Scientists are digitizing the wealth of data attached to herbarium specimens and using those data to address questions ranging from species identification to global climate change. This special issue explores methods, challenges, and applications of these collections data, with articles addressing topics including globally unique identifiers, deep learning and computer recognition, and citizen science initiatives.
Regardless of political affiliation, people are more likely to believe facts about climate change when they come from Republicans speaking against what has become a partisan interest in this country, says a new UConn study.
Coal mining, under current US regulations, has significantly reduced the abundance and variety of fish, invertebrates, salamanders, and other aquatic life in streams, according to a new study from the University of Tennessee, Knoxville.
An international research team has proposed a way to increase the efficiency of wireless power transfer over long distances and tested it with numerical simulations and experiments. To achieve this, they beamed power between two antennas, one of which was excited with a back-propagating signal of specific amplitude and phase. The new development will improve wireless power transmission. This study also offers new approaches to wireless communication, where external conditions can change unpredictably.
The Collaborative Laboratories for Environmental Analysis and Remediation at the University of Texas at Arlington has expanded its partnership with oil field equipment supplier Challenger Water Solutions to develop water recycling technologies that will transform waste from unconventional oil and gas development into reusable water.
As summertime draws near, some people around the US will face annual water usage restrictions as water supplies become strained. But for those who live in arid climates year-round, water shortages are a constant concern. In these areas, residents must capitalize on even the smallest bit of moisture in the air. Now researchers report in ACS Applied Materials & Interfaces that they have developed a type of 'harp' to harvest fresh water from fog.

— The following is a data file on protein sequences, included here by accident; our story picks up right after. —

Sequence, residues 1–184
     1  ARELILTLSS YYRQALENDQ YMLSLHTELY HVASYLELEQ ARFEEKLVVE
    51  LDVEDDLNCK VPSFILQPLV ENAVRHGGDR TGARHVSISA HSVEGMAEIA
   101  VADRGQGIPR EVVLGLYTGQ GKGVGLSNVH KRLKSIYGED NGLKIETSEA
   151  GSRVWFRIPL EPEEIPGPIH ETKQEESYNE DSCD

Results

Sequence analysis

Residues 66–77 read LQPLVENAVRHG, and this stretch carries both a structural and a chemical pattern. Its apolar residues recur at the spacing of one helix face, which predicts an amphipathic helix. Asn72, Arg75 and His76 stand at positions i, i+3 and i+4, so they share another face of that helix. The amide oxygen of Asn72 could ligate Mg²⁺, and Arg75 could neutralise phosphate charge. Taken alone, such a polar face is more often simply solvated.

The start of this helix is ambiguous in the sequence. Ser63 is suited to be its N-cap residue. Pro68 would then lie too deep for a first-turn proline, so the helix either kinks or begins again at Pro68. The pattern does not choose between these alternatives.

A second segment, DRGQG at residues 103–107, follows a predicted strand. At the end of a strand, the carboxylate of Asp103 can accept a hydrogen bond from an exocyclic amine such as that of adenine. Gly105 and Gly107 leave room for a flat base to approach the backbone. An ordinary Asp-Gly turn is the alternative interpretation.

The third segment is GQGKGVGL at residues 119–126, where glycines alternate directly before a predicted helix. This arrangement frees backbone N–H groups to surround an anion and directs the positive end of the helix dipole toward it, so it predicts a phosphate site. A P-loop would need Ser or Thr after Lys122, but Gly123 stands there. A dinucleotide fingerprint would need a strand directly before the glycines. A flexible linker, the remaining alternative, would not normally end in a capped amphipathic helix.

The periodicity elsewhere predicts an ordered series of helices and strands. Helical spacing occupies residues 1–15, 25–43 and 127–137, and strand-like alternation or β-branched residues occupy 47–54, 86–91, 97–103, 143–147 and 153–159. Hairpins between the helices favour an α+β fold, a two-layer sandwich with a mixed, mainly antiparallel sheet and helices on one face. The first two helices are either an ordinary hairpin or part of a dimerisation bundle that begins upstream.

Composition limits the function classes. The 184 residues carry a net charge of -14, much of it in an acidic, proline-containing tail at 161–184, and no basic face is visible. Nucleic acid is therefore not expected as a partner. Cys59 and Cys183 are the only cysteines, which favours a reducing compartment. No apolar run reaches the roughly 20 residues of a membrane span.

The first step after buildings collapse from an earthquake, bombing or other disaster is to rescue people who could be trapped in the rubble. But finding entrapped humans among the ruins can be challenging. Scientists now report in the ACS journal Analytical Chemistry the development of an inexpensive, selective sensor that is light and portable enough for first responders to hold in their hands or for drones to carry on a search for survivors.
The flight routes of passenger aircraft are generally well established. In practice, unforeseen factors, mainly related to the weather, often force pilots to cover more kilometers than anticipated. A Polish-Colombian team of scientists and engineers, inspired by the behavior of insects and birds, has developed software that allows real-time rational modification of flight routes. As a result, it was possible to achieve measurable savings, both financial and with regard to environmental protection.
A new study found the Pacific Walker circulation, one of the most important circulation systems in the tropics, shows a significant interannual weakening after strong tropical volcanic eruptions.
Surface air temperature (SAT) anomalies have pronounced impacts on agriculture, socioeconomic development, and people's daily lives. A question is whether the Eurasian atmospheric circulation anomalies can persist from winter to the following spring. Using observational data and atmospheric model simulation, scientists from the Institute of Atmospheric Physics of the Chinese Academy of Sciences reported that the dominant mode of winter Eurasian 500-hPa geopotential height anomalies could maintain to the following spring.